Transfer effects of word knowledge from trained to un-trained words has been linked to specific methods of instruction. In a recent study involving 132 Norwegian students in grades 1 to 8, a structured and detailed training program was found to facilitate transfer effects on untrained words while a less structured training program did not (Frost, Ottem, Hagtvet & Snow, 2015). The two compared methods yielded no significant difference for the trained words (Frost et al., 2015).
The objective of this study is to develop and evaluate a structured vocabulary intervention program designed to increase vocabulary size and facilitate reading comprehension in a Swedish context. The study design is a cluster randomized trial comprising 600 second grade students in Sweden. This first part of the study includes data from 225 students. The intervention is evaluated using tests on vocabulary, reading comprehension, spelling and decoding as well as non-verbal cognitive abilities. Questionnaires to students, teachers and parents provide referential information for the analysis.
The research questions are: 1) what are the preliminary effects of a structured vocabulary intervention in grade 2 on trained and untrained words? 2) What are the preliminary effects of a structured vocabulary intervention on reading comprehension? 3) are there mediating effects of home background or gender on vocabulary and reading comprehension?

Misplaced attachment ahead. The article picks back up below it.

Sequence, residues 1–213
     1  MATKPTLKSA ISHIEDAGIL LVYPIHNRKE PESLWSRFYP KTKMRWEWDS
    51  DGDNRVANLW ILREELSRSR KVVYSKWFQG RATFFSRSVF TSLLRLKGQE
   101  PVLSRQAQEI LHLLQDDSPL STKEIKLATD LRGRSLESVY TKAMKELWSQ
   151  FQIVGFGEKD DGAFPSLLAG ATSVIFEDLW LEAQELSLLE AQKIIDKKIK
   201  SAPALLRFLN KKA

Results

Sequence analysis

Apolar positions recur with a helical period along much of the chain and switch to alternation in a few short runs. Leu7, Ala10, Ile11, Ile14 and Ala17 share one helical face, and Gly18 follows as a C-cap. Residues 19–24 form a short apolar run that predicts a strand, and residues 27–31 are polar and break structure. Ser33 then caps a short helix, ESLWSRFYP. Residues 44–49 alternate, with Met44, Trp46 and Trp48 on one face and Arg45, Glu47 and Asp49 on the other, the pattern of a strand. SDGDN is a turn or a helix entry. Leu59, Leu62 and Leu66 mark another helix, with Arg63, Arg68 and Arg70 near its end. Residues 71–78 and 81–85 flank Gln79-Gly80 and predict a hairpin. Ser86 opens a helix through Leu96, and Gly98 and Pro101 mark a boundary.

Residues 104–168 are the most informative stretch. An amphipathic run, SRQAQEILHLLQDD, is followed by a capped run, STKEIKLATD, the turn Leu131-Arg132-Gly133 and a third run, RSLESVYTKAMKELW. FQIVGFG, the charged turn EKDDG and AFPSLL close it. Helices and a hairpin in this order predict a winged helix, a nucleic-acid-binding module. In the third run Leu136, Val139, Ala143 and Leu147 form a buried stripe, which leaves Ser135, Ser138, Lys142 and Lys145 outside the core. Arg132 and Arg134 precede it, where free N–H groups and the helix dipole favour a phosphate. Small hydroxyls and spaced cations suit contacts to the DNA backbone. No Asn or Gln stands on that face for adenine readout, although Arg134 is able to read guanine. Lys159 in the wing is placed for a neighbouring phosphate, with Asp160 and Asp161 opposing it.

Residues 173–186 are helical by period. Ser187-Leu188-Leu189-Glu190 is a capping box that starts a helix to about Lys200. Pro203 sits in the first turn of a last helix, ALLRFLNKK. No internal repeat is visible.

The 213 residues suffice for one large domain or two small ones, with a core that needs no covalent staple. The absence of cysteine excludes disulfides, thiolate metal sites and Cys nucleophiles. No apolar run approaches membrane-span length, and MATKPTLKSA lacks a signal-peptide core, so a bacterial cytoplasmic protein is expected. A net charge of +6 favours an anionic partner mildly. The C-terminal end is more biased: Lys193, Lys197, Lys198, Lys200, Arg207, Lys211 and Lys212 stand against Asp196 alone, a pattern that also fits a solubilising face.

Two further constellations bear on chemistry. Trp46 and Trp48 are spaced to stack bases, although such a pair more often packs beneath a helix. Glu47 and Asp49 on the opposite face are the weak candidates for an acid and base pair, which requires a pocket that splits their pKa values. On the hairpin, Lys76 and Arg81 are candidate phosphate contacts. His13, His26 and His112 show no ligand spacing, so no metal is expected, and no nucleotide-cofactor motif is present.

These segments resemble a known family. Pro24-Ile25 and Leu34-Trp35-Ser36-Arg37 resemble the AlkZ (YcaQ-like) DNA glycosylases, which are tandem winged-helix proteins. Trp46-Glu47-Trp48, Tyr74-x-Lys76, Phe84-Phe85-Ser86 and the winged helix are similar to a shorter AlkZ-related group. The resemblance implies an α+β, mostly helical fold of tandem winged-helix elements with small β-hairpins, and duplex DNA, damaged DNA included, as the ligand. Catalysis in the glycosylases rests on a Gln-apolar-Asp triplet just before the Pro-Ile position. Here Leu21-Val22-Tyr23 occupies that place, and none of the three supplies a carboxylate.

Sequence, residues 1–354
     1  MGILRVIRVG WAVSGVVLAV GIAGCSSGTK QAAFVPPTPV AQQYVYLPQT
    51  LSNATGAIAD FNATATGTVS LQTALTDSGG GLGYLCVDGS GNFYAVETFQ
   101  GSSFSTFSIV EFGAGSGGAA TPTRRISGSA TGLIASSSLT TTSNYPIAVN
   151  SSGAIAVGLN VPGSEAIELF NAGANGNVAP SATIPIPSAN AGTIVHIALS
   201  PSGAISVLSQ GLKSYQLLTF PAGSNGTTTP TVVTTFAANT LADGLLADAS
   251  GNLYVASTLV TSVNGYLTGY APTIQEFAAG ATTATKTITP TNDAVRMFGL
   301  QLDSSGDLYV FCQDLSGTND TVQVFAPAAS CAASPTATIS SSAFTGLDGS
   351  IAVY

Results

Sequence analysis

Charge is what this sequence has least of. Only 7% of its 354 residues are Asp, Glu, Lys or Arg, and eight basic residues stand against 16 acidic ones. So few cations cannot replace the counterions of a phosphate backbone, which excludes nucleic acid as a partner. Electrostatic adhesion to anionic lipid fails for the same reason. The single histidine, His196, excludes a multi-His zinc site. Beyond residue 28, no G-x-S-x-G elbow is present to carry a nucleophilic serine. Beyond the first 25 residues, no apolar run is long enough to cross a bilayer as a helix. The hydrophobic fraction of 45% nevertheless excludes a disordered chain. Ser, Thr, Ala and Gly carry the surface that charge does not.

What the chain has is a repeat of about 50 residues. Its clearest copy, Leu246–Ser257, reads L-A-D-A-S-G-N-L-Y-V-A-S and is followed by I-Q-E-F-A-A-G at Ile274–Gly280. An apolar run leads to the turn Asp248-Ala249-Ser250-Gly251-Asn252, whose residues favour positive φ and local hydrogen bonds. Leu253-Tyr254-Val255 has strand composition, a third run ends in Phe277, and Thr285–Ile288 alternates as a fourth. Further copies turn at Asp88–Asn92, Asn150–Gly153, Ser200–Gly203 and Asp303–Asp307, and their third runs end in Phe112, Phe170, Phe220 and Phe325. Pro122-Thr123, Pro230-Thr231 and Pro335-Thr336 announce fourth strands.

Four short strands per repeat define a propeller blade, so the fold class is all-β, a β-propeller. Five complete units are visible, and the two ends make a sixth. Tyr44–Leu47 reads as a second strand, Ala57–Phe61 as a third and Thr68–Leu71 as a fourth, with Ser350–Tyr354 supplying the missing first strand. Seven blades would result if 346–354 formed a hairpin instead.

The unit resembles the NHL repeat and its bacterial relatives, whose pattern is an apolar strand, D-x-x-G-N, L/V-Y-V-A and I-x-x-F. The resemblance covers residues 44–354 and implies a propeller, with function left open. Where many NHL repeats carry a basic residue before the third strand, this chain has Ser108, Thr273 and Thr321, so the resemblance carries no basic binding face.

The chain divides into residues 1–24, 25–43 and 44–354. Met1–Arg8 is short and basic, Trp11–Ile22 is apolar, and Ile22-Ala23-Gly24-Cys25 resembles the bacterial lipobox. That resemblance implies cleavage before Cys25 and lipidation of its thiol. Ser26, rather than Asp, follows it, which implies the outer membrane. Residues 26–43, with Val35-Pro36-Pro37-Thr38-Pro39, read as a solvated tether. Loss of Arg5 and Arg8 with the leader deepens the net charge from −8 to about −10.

Beck, I. L. & McKeown, M. (2007) Increasing Low-Income Children’s Oral Vocabulary Repertoires through Rich and Focused Instruction. The Elementary School Journal, 107(3) 251-271 Biemiller, A., & Boote, C. (2006) An Effective Method for Building Meaning Vocabulary in Primary Grades. Journal of Educational Psychology, 98(1) 44-62 Cain, K. (2010). Reading Development and Difficulties. Oxford: BPS Blackwell Christ, T. & Wang, C. (2011) Closing the Vocabulary Gap?: A review of Research on Early Childhood Vocabulary Practices Reading Psychology 32 426-458 Frost, J., Ottem, E., Hagtvedt, B., & Snow, C. (2015) The effects of transfer in teaching vocabulary to school children: An analysis of the dependencies between lists of trained an non-trained words. Scandinavian Journal of Educational Research 2015 1-14 Graves, M., & Silverman, R. (2011) Interventions to enhance vocabulary development. In A. McGill-Franzen & R. L. Allington Reading Disability Reasearch. New York: Routledge Gustafsson, J.-E. & Stahl, P.-A. (2005) STREAMS User’s Guide. Mölndal, Sweden: Multivariate Ware Gustafsson, J-E., & Wolff, U. (2016) Conference contribution. Oxford: British Dyslexia Association Hart, B. & Risley, T. (2003). The early catastrophe: The 30 million word gap by age 3. American Educator, 27(1), 4-9 Hart, B., & Risley, T., (1995) Meaningful Differences in Everyday Experience of Young American Children. Baltimore: P.H. Brookes Lesaux, N.K., Kieffer, M.J., Faller, S.E., & Kelley, J.G. (2010) The effectiveness and ease of implementation of an academic vocabulary intervention for linguistically diverse students in urban middle schools. Reading Research Quarterly,45 (2), 196-228 Marulis, L. M. & Neuman, S. B. (2010) The effects of vocabulary interventions on young children’s word-learning: A meta-analysis. Review of Educational Research, 80 (3), 300-335 Nation, K., & Snowling, M.J. (2004) Beyond phonological skills: broader language skills contribute to the development of reading. Journal of Research in Reading, 27(4), 342-356 Rindermann, Heiner & Baumeister, Antonia E.E. (2015) Parent’s SES vs. Parental educational behavior and children’s development; A reanalysis of the Hart and Risley study. Learning and Individual Differences 37 (2015) 133-138 Stahl, S. A., & Fairbanks, M. M. (1986). The effects of vocabulary instruction: A model-based meta-analysis. Review of educational research, 56, 72–110. Stahl, S.A., & Nagy, W. (2006) Teaching word meanings. Mahwaw, N.J.: Lawrence Erlbaum Webb, S. A. (2009) The effects of Pre-learning Vocabulary on Reading Comprehension and Verhoeven, L., van Leeuwe, J. & Vermeer, A. (2011) Vocabulary Growth and Reading Development across the elementary School Years Scientific studies of Reading 15(1) 8-25